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Recep Tayyip Erdogan, Turkey's president, speaks during a news conference at the G-20 summit in Rome on Oct. 31, 2021. MUST CREDIT: Bloomberg photo by Alessia Pierdomenico.
Recep Tayyip Erdogan, Turkey's president, speaks during a news conference at the G-20 summit in Rome on Oct. 31, 2021. MUST CREDIT: Bloomberg photo by Alessia Pierdomenico. (Alessia Pierdomenico)

Longtime foes Turkey and Armenia will start new talks next week in Moscow to normalize relations and open the last Cold War-era closed border, a U.S. and European Union-backed goal that could curtail Russia’s clout in its backyard.

The Jan. 14 meeting comes more than two months after President Joe Biden urged Turkish President Recep Tayyip Erdogan at a meeting in Rome to work toward establishing diplomatic ties with landlocked Armenia and opening the countries’ shared border, according to previous comments by a senior Turkish official. Turkey shut the frontier in 1993 in solidarity with its ally Azerbaijan, which was fighting a war with Armenia over the contested territory of Nagorno-Karabakh.

Washington and European capitals are backing the talks to try to reach a lasting resolution to the conflict and counter Moscow’s influence in its Soviet hinterland. Russia’s determination to dominate the region is once again on display after it sent troops to quell protests in Kazakhstan. Turkey’s goals are to signal to U.S.-led NATO allies displeased by its purchase of Russian air defenses that it’s working to stop Russian expansionism, and to become a secure trade route between China and the West.

“The normalization with Armenia plays neatly into this picture. It would help Turkey weaken a little bit Moscow’s grip on the region and expand Turkish influence,” said Emre Peker, Europe director for Eurasia Group.

For landlocked Armenia, the normalization of ties “is a critical means to overcome isolation,” said Richard Giragosian, director of the Regional Studies Center in the Armenian capital, Yerevan.

Turkey and Armenia’s bitter enmity is rooted in the mass killing of Armenians in the Ottoman Empire, and tensions linger over how to characterize the events of 1915, during which 1.5 million Armenians were deported, killed and marched to their deaths. The Armenians, backed by the Biden administration, label it a genocide. Turkey, enraged by the characterization, says Armenians and Turks were killed in ethnic clashes during the collapse of the empire after Armenian groups sided with Russia in World War I.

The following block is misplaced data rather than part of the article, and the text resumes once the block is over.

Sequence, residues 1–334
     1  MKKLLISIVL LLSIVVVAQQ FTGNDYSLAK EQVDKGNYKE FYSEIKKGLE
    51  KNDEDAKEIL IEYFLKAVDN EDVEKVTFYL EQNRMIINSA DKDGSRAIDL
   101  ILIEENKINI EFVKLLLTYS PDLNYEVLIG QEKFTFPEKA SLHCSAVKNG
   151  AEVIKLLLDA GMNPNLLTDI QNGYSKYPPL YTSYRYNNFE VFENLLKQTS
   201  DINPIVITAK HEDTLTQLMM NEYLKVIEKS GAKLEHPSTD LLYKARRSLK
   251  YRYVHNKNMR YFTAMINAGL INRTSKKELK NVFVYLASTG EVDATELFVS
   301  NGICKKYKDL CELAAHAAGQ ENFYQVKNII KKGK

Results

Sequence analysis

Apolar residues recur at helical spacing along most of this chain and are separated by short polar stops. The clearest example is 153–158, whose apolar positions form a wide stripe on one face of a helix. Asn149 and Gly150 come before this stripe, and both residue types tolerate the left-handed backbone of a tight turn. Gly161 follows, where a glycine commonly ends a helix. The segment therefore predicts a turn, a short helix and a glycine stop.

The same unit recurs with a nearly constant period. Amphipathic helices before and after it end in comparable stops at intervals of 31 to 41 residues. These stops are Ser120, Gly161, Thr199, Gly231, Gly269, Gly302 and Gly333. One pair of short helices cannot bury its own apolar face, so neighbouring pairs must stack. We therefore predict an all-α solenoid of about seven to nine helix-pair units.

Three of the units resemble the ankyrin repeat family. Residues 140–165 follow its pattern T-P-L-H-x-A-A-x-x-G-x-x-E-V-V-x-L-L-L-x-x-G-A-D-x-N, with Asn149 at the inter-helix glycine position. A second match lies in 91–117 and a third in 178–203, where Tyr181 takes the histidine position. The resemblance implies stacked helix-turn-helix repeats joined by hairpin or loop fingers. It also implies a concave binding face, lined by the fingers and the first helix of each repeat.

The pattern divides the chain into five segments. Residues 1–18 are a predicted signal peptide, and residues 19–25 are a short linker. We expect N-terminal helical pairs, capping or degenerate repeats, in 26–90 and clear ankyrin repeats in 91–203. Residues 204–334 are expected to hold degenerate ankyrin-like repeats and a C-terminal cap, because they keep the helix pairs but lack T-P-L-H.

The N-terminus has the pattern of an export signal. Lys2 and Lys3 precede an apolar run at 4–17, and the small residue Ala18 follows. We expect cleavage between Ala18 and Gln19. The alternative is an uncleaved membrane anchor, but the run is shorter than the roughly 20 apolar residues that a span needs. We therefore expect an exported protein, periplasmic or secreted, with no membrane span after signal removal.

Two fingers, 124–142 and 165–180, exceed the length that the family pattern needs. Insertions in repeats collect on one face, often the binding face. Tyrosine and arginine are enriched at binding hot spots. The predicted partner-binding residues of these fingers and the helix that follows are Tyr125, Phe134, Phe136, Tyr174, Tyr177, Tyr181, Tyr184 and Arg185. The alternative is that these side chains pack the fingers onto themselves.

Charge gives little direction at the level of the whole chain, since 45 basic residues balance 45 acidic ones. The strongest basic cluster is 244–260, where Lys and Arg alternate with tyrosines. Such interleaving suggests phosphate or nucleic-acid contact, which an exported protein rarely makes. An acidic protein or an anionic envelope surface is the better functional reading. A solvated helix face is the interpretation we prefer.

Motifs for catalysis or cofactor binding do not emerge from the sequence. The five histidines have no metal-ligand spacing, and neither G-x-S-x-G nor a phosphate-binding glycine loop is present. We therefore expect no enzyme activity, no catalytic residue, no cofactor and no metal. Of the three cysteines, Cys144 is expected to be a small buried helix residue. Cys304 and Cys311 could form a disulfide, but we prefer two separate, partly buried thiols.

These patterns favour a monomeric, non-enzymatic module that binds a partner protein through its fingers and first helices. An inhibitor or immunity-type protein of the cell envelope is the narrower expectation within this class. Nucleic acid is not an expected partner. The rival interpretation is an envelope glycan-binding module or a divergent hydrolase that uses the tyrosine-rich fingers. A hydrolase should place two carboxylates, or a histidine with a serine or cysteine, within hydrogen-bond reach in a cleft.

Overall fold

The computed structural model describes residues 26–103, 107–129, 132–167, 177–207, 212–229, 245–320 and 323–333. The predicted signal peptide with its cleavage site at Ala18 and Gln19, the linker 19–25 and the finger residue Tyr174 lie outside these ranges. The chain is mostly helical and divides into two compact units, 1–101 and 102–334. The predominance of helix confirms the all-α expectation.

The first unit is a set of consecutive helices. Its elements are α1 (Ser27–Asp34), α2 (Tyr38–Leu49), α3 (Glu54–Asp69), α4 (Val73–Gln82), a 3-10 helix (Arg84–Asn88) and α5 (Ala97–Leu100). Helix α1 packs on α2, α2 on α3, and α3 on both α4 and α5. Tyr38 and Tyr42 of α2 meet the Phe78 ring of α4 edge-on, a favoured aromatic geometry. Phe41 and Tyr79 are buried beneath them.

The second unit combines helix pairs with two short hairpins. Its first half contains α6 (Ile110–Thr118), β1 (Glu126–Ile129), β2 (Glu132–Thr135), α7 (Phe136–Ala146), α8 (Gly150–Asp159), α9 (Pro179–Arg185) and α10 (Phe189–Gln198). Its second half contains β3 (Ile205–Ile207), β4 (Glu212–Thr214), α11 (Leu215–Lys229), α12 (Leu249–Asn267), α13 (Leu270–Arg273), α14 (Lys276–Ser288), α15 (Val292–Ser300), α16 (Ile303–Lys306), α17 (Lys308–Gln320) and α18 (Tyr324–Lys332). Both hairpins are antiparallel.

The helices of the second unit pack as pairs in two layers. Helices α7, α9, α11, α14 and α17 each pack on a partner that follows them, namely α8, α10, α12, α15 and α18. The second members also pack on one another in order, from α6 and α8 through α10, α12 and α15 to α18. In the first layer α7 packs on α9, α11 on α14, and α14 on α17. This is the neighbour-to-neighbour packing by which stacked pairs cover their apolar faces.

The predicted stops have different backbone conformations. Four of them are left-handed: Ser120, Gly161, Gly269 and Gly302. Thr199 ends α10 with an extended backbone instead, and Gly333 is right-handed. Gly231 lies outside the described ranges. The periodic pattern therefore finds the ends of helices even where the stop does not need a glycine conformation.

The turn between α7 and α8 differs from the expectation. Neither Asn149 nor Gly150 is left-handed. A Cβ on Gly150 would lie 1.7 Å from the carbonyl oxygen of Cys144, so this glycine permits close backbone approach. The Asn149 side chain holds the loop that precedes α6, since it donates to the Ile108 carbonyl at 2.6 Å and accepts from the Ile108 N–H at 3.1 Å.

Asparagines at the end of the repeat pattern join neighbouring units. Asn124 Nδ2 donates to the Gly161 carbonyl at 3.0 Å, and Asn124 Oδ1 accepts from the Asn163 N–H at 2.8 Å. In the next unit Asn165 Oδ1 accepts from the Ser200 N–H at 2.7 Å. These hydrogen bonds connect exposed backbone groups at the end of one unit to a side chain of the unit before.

In 2020, the Turkish military supported Azerbaijan as armed conflict with Armenia reignited over the disputed region of Nagorno-Karabakh, an enclave inside Azerbaijan with an Armenian ethnic majority. With firepower from Turkish-supplied armed drones, Azerbaijan reclaimed control of parts of Nagorno-Karabakh and surrounding territory. An uneasy truce was engineered by Russian President Vladimir Putin but a peace agreement hasn’t been signed.

Turkey has said the dispute over the genocide allegations won’t be on the table, and Giragosian interpreted the Armenian policy of no preconditions to mean “the genocide issue has been deferred and delegated to the post-normalization process of reconciliation.”

But the road could be rocky. “There’s a big risk” that the Armenian diaspora -- which in the past had insisted Turkey recognize the genocide -- is going to play a role in decision-making,” alongside the Armenian government, Peker said.

Earlier efforts to reach a detente following a 2009 agreement collapsed after Turkey demanded the withdrawal of Armenian forces from Nagorno-Karabakh as a precondition.

The new talks precede Ankara’s upcoming talks in Washington on issues including Turkey’s purchase of Russian S-400 air defenses, which has poisoned relations between the NATO allies. In preparation for the meetings, Turkish and Armenian envoys are expected to work on a roadmap that will include confidence-building measures, Turkish Foreign Minister Mevlut Cavusoglu said last week, while stressing that Turkey was in full coordination with Azerbaijan over steps to be taken.

If Turkey agrees to open its border, businesses on both sides of the sleepy frontier could thrive, as it would directly connect Armenia to one of the largest economies in the Middle East. Armenia lifted an embargo on Turkish goods on Jan. 1 in response to pressure from its own business community, which seeks an outlet for exports. The two countries have already agreed to restart direct charter flights soon.

“Armenia can unlock its economy. Ending the blockade will lessen both Iranian and Russian influence in Armenia,” said Michael Rubin, a resident scholar at the American Enterprise Institute. “At the same time, businesses in eastern Turkey would likely benefit as well. There really would be no losers.”

Bloomberg’s Sara Khojoyan contributed to this report.

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